Once again, as a member of the American University in Moscow-sponsored experts panel, I was asked to reflect on the so-far-successful joint American and Russian diplomatic effort to remove and destroy Syria's chemical weapons stockpile.
Edward Lozansky, president of the American University in Moscow, in a recent op-ed article published in the Moscow Times, stated that thanks to this unexpected turn of events, one of its potentially most valuable allies of the U.S. could turn out to be Russia.
"The resolution approved by the U.N. Security Council, (spearheaded) by Russian diplomatic efforts, to transfer and destroy Syrian President Bashar al-Assad's chemical weapons arsenal could in fact turn out to be an invaluable opportunity for a true 'reset' in the two countries' relationship," he wrote.
Soviet Premier Nikita Khrushchev and U.S. President John F. Kennedy talk on June 3, 1961.
Photo/U.S. Department of State, John F. Kennedy Presidential Library and Museum
Indeed, there is a historical precedent for grasping such an opportunity.
The Cuban missile crisis of October 1962 is considered one of the most significant events of the 20th century. Historical records attest that because of the actions of Soviet Premier Nikita Khrushchev and U.S. President John F. Kennedy, nuclear devastation of the globe was avoided.
In 1998, I had a wide-ranging interview with Sergei Khrushchev, the son of the former leader Nikita Khrushchev. The interview was published in the Lake Placid News and the Virginia Gazette. Sergei was at that time a senior fellow at the Thomas Watson Jr. Institute for International Studies at Brown University. He was very close to his father, was his confidant and was the editor of his landmark memoirs, "Khrushchev Remembers."
Talking about the Cuban missile crisis of October 1962, Sergei confirmed that what made it possible to avoid a nuclear conflagration between the U.S. and the Soviet Union was the carefully calibrated action taken by his father and President Kennedy.
He explained that the purpose of the placement of nuclear-capable missiles in Cuba was to prevent a U.S. orchestrated invasion of that country. He acknowledged that his father miscalculated the American response to placing nuclear-tipped missiles in Cuba. When it became apparent that the American response could led to full-scale nuclear war, both leaders pulled back from the abyss.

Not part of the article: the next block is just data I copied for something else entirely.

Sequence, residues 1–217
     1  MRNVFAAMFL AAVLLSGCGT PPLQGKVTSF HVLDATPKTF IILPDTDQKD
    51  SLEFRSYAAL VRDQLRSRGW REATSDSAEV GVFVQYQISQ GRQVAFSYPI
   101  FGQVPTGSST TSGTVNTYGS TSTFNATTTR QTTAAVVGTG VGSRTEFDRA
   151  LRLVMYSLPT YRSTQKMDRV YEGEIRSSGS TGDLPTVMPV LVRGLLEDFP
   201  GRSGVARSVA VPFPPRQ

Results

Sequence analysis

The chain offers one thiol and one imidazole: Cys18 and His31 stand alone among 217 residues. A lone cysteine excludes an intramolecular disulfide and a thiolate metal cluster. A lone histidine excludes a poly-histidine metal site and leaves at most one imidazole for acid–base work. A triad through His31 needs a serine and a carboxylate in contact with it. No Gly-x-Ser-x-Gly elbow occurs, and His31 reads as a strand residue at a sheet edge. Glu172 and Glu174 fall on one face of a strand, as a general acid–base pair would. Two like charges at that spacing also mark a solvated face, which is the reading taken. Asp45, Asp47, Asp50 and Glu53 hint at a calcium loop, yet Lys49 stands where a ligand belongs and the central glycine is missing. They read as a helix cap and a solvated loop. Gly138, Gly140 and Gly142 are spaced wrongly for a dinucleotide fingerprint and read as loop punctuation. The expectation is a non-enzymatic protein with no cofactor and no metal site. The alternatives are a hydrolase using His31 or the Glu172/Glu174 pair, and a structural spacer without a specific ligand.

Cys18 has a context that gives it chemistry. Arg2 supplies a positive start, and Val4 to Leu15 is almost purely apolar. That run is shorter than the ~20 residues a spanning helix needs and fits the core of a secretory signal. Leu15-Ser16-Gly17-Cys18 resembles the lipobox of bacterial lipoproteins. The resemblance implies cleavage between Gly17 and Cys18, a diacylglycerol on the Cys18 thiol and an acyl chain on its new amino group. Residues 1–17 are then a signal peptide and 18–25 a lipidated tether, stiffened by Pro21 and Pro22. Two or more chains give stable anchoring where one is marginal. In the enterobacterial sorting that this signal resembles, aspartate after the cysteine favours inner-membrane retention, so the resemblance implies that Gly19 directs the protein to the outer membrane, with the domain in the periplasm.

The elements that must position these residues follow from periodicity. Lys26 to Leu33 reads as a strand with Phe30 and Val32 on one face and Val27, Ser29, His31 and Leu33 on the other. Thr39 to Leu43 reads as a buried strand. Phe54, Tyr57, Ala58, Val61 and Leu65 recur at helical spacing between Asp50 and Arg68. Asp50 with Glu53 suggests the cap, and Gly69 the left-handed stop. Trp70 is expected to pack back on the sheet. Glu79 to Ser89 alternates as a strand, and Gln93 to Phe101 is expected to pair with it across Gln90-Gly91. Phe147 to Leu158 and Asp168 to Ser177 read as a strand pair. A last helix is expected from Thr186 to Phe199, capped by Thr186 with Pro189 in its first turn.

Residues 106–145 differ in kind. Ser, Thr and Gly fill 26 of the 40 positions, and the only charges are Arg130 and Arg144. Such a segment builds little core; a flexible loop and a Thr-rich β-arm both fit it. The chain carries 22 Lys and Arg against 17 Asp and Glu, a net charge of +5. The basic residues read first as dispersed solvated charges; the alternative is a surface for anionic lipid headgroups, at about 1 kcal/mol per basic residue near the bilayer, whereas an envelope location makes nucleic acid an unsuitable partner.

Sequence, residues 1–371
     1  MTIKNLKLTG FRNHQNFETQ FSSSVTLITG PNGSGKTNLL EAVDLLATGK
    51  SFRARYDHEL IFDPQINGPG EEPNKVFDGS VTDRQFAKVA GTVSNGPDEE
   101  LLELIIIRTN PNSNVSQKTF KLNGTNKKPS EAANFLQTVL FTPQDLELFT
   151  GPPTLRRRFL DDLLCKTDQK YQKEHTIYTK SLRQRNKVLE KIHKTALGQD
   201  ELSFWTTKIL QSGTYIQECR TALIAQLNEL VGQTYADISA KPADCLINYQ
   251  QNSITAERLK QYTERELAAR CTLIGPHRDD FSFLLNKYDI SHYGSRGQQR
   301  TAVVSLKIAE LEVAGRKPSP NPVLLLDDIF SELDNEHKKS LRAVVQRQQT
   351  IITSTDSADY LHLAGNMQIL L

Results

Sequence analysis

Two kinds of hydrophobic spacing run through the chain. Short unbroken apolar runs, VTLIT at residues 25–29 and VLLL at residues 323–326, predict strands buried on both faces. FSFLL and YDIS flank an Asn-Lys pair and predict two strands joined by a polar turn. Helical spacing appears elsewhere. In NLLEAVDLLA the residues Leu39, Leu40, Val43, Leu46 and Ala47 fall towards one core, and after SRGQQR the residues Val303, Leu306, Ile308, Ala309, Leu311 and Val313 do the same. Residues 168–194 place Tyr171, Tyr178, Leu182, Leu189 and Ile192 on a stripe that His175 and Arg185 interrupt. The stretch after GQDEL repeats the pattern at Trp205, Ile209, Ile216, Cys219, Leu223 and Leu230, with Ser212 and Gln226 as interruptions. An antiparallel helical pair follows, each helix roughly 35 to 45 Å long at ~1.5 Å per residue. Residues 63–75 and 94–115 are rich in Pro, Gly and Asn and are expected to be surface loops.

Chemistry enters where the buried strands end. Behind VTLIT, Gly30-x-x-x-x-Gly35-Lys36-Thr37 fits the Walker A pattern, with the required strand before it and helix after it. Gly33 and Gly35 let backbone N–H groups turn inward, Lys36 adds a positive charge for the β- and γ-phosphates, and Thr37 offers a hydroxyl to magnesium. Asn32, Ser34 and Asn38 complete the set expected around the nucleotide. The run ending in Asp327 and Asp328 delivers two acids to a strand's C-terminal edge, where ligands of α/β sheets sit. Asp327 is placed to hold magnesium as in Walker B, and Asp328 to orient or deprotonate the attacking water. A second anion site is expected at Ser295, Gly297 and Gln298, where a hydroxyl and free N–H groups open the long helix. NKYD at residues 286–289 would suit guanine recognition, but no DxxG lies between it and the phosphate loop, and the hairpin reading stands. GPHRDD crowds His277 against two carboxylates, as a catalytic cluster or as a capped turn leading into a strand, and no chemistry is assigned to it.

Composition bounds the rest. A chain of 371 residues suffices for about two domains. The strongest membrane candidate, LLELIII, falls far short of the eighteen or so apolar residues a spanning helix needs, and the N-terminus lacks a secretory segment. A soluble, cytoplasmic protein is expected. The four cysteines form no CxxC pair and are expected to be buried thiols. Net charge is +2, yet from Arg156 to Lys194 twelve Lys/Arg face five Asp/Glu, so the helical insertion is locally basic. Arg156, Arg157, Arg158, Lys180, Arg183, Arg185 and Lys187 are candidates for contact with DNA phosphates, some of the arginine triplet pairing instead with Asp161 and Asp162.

Khrushchev, in a letter to Kennedy, requested a pledge that the United States would not invade Cuba or participate in an attack on that country. Receiving this assurance, Khrushchev ordered the withdrawal of Soviet nuclear weapons.
"Both countries wanted desperately to avoid conflict and have been willing to compromise," Sergei said.
The peaceful resolution of the Cuban missile crisis had a profound effect on the development of relationship between the U. S. and the Soviet Union. A "crisis hotline" was established, and the stage was set for a more cooperative policy between the two countries. It culminated in the nuclear test-ban treaty of 1963.
Sergei recalled that following the treaty, his father and Kennedy met to set the stage for a "policy of detente."
"My father was a pragmatist above all," he said. "His primary goal was to introduce needed economic reforms and achieve detente with the West."
In my contribution to the experts panel discussion, I noted that if the leaders of the United States and the Soviet Union could find common ground in the wake of resolving the Cuban missile crisis, why couldn't the leaders of the U. S. and Russia do the same in the wake of resolving the crisis over Syria's chemical weapons stockpile?
Lozansky, reflecting on the future of U.S.-Russia relationship, wrote, "The U.S. and Russia must put aside old grudges and discard outdated Cold War suspicions. In this case they can achieve not only their immediate goal of getting chemical weapons off the battlefield in Syria but set the stage for a new relationship between the two countries."
Frank Shatz lives in Williamsburg, Va. and Lake Placid. His column was reprinted with permission from The Virginia Gazette.